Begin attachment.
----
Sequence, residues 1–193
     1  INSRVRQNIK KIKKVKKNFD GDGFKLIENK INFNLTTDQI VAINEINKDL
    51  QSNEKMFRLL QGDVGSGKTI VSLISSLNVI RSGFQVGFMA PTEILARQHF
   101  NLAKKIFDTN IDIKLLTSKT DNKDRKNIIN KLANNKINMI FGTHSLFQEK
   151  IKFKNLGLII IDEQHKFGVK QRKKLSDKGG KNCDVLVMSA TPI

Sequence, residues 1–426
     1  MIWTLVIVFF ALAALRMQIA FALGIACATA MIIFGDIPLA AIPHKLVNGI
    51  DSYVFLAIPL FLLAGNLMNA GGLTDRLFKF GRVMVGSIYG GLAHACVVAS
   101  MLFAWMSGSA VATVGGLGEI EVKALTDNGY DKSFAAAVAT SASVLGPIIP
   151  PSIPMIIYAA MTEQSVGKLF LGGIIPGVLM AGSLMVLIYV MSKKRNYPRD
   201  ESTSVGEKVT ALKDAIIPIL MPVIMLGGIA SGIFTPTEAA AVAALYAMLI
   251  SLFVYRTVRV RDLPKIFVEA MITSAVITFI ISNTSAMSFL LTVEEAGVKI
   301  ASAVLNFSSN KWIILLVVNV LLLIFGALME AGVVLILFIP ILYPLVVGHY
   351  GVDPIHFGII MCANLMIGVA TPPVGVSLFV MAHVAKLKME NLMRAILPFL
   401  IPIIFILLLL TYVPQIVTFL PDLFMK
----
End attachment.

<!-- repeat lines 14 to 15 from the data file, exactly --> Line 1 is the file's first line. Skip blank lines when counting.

   351  GVDPIHFGII MCANLMIGVA TPPVGVSLFV MAHVAKLKME NLMRAILPFL
   401  IPIIFILLLL TYVPQIVTFL PDLFMK